Walker actually never played in Europe for Forest because of a ban on English clubs following the Heysel Stadium disaster, but he did play in seven cup finals for them at Wembley, winning five. He played 59 times for England, including every game in the 1990 World Cup when they reached the semi-final. He had seven seasons of top-tier football with Sheffield Wednesday to add to nine at Forest and one with Sampdoria. Plenty of experience for Grant to tap into then, even though advice wasn’t forthcoming.
"Des Walker's son, Tyler, he was two years below me at Forest,” he explained. “When I made my debut it was at a similar time to him and we grew up through the system with each other. He and his brother are godfather to my son, so that's how close we are with his family. Both his sons want to come up and he loves golf as well, so he would be all over a trip to Edinburgh.”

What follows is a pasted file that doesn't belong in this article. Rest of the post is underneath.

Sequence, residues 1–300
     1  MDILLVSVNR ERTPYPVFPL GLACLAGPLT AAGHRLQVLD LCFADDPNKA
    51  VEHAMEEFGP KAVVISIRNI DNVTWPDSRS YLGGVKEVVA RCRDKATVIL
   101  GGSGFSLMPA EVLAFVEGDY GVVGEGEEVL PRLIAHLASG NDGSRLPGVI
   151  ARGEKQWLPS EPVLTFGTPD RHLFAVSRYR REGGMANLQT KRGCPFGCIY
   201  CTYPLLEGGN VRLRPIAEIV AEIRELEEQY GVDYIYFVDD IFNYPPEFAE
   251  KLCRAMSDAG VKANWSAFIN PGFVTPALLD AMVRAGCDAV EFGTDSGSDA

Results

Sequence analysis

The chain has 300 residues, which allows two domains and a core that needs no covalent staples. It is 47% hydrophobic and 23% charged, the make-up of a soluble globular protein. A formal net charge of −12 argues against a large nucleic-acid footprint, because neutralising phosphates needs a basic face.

"With Des, he always tried to stay out of [giving advice]. With his sons as well, he never wanted to be a burden on them. Because he's such a big name, he wanted them to make a name for themselves. He always tried to stay away from it, but he's given me the odd bit here and there. His son and that, they all speak to me. I've not been back to Nottingham since I moved up. It'll be nice to see him when I go back.
“There's a few crazy tales in there, he's a really nice guy. He spoke about memories and so did Steve Chettle. He was one of my coaches at Forest and was fantastic with me, talking about the stages he has played on and the experiences he has had – Europe being one of them.”